Police are searching for a driver who struck and severely injured a female victim at La Cienega Boulevard and Third Street on May 23.
The hit-and-run collision occurred at approximately 9 p.m. as the unidentified victim was walking westbound across La Cienega Boulevard in a marked crosswalk along the north side of the intersection. The vehicle was traveling southbound on La Cienega Boulevard when it struck the victim.
Officer Joel Twycross, with the Los Angeles Police Department’s West Traffic Division, said investigators searched the area for security cameras and obtained footage showing the collision. The vehicle, a dark-colored, four-door sedan, did not appear to be traveling at excessive speeds, he said.
Police are also investigating whether the victim had the right of way when the collision occurred, as the camera footage shows other traffic moving in both directions on La Cienega Boulevard, indicating those motorists had a green light and the victim may have been crossing against a red light.
“It’s still under investigation,” Twycross said. “[She may have had] a ‘Don’t Walk’ sign. We are trying to figure out exactly what happened.”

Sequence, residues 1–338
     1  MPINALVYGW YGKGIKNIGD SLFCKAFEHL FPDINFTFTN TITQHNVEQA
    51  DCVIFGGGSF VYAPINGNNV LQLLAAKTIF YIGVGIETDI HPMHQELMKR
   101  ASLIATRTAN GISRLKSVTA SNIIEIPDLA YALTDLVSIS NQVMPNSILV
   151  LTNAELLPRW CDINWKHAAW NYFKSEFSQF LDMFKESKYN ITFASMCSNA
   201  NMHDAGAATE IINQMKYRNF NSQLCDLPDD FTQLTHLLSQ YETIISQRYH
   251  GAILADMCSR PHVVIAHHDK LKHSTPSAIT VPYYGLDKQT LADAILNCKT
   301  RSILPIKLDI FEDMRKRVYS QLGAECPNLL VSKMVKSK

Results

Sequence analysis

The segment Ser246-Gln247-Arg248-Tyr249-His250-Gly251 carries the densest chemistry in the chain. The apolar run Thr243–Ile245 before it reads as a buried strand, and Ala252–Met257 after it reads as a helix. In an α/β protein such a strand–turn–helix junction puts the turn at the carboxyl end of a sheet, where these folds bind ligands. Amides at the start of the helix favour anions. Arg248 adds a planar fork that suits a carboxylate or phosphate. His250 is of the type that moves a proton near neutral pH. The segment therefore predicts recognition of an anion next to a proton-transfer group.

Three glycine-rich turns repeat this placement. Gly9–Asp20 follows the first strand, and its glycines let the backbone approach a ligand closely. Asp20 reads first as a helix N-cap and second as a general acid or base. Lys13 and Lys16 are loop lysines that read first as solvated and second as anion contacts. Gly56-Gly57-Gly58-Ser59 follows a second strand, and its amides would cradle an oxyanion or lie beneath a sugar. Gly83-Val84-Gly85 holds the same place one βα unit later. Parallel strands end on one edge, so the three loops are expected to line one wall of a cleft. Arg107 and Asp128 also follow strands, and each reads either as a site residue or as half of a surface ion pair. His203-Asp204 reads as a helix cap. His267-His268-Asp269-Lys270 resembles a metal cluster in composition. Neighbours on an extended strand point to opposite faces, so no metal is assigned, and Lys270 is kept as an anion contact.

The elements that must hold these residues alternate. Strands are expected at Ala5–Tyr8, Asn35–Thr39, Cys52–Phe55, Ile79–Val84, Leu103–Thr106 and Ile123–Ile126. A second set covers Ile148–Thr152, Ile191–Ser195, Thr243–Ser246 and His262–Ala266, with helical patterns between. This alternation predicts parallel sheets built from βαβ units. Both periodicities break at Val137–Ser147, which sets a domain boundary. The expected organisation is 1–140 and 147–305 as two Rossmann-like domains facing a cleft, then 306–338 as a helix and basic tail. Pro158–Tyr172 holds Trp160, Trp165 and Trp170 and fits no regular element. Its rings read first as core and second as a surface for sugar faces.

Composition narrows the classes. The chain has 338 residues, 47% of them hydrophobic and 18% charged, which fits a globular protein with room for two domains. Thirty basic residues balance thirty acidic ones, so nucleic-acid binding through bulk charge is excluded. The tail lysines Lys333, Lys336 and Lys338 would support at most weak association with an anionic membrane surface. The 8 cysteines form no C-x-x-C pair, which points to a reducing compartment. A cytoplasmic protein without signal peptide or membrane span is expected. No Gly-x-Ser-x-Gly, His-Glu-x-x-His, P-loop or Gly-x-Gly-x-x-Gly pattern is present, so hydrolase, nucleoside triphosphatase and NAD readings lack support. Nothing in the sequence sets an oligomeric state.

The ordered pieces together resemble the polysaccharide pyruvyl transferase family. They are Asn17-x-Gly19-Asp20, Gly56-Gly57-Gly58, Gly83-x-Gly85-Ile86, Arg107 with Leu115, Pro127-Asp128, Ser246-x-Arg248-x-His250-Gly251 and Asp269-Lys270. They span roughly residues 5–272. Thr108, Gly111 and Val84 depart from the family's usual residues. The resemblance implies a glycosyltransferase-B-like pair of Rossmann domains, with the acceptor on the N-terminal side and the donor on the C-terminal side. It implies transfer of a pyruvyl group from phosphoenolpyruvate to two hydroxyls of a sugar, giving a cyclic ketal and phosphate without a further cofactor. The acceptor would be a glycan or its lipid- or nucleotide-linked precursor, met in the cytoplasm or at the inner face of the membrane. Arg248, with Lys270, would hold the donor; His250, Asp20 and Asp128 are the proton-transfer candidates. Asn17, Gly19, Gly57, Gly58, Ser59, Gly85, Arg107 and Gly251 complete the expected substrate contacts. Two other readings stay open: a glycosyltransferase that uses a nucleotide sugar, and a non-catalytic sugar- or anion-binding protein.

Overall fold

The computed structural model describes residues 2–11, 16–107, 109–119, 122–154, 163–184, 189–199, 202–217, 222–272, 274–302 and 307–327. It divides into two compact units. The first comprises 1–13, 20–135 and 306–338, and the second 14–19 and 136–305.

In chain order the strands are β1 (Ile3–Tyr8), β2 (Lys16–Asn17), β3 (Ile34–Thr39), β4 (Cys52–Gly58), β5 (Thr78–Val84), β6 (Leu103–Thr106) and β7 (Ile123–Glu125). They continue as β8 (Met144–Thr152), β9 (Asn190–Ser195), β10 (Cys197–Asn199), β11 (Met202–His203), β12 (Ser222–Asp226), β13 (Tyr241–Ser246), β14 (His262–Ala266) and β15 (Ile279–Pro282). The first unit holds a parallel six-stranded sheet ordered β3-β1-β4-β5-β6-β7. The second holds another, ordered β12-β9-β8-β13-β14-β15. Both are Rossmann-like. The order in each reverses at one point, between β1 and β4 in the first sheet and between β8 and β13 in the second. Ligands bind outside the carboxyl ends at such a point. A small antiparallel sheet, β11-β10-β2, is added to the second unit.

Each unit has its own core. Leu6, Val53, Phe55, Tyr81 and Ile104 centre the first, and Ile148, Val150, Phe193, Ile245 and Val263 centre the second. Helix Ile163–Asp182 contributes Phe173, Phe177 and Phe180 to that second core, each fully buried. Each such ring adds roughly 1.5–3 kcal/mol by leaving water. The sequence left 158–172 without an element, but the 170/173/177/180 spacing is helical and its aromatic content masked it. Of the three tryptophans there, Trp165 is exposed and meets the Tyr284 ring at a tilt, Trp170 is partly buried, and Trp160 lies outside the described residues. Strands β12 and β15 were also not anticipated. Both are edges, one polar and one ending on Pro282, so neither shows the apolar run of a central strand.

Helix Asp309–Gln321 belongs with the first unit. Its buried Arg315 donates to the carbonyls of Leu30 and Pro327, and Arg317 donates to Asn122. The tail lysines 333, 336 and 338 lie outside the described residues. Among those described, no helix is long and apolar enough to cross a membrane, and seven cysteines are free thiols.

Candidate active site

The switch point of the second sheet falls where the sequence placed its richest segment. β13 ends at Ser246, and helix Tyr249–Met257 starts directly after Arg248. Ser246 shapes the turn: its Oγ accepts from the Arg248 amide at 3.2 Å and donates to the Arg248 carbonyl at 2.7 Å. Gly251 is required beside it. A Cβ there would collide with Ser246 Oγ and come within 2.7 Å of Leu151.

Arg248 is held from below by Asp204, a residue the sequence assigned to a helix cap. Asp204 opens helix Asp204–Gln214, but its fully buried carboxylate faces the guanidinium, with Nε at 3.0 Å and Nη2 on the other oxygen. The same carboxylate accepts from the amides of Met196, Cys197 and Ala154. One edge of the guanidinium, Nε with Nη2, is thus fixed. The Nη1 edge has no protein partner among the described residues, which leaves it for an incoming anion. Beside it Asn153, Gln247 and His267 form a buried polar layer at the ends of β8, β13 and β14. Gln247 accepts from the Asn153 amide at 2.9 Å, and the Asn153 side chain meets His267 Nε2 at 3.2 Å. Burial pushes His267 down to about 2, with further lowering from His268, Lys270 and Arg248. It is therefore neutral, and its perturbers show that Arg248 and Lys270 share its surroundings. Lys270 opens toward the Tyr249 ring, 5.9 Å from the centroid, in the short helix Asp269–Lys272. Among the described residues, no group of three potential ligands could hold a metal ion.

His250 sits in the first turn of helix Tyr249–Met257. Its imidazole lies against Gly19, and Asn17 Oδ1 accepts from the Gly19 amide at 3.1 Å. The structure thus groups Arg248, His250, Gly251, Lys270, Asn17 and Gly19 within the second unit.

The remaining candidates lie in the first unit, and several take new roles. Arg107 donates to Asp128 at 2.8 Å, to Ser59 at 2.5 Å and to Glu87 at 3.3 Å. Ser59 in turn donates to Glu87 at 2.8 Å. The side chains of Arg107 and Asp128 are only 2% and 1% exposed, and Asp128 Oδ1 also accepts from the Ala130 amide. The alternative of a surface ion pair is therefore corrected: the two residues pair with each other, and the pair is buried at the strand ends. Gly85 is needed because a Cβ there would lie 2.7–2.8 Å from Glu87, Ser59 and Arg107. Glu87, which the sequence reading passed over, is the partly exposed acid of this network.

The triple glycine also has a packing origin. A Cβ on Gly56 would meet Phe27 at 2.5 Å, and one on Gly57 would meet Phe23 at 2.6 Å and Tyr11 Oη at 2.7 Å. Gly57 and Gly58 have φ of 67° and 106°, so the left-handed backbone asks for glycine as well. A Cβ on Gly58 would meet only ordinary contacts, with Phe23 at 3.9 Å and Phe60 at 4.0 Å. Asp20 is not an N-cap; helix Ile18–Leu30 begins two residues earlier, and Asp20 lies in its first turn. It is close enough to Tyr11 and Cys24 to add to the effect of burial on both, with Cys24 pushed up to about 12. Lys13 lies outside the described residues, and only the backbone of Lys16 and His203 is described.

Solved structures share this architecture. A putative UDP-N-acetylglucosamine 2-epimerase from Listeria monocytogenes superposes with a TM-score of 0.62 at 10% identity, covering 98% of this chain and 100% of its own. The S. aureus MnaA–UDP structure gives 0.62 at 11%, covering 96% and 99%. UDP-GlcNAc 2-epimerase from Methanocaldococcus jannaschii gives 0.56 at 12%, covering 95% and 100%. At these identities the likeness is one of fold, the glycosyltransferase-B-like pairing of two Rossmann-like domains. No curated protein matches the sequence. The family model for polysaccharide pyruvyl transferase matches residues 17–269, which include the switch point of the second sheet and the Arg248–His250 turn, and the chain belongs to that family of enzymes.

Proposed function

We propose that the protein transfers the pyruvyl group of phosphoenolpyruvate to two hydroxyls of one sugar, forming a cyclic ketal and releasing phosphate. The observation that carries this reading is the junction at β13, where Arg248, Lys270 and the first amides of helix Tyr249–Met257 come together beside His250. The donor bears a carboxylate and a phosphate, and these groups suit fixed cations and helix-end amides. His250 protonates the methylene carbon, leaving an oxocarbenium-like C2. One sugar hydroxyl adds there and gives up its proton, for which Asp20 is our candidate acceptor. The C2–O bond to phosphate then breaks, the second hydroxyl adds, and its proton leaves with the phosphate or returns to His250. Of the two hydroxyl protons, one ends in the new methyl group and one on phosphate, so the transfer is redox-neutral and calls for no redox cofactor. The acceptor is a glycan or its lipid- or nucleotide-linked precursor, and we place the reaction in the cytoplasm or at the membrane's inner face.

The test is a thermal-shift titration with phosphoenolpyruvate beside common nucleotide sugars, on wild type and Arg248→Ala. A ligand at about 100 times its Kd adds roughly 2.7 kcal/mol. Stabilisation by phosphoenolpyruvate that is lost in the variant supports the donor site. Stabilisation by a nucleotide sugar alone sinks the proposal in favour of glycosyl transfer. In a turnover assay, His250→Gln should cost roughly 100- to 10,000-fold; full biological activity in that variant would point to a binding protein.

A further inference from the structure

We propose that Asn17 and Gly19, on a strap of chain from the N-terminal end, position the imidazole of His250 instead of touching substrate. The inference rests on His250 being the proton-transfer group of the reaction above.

If the victim had been crossing without having the right of way and the driver stopped, the collision may have been considered an accident. Because the driver fled the scene, it is considered a felony hit-and-run collision.
Twycross said the camera footage shows another pedestrian running up to the victim seconds after she is struck, and detectives would like to speak to that individual. Multiple motorists also stopped momentarily but also left the scene before officers arrived.
“It looks like a few cars ended up stopping. People got out and walked up to her,” Twycross said. “We could potentially have a total of four people who saw this or may have information. Anything they can add would help.”
The victim was taken to a hospital and treated, and is expected to survive. Twycross had no further information about her identity or the severity of her injuries.
He added that the incident illustrates the need for pedestrians to always monitor their surroundings, particularly when crossing streets. Whether or not a pedestrian has the right of way, it is always important to look around to ensure vehicles are not approaching.
“Obviously, it can be very dangerous,” Twycross said.
A standing $25,000 reward is available for information that leads to an arrest and conviction of a perpetrator of a hit-and-run collision, per a Los Angeles City Council order issued in 2015.
Anyone with information is urged to call West Traffic Division investigators at (213)473-0234 or (213)473-0222. During weekends and off- hours, call the LAPD’s hotline at (877)LAPD247.
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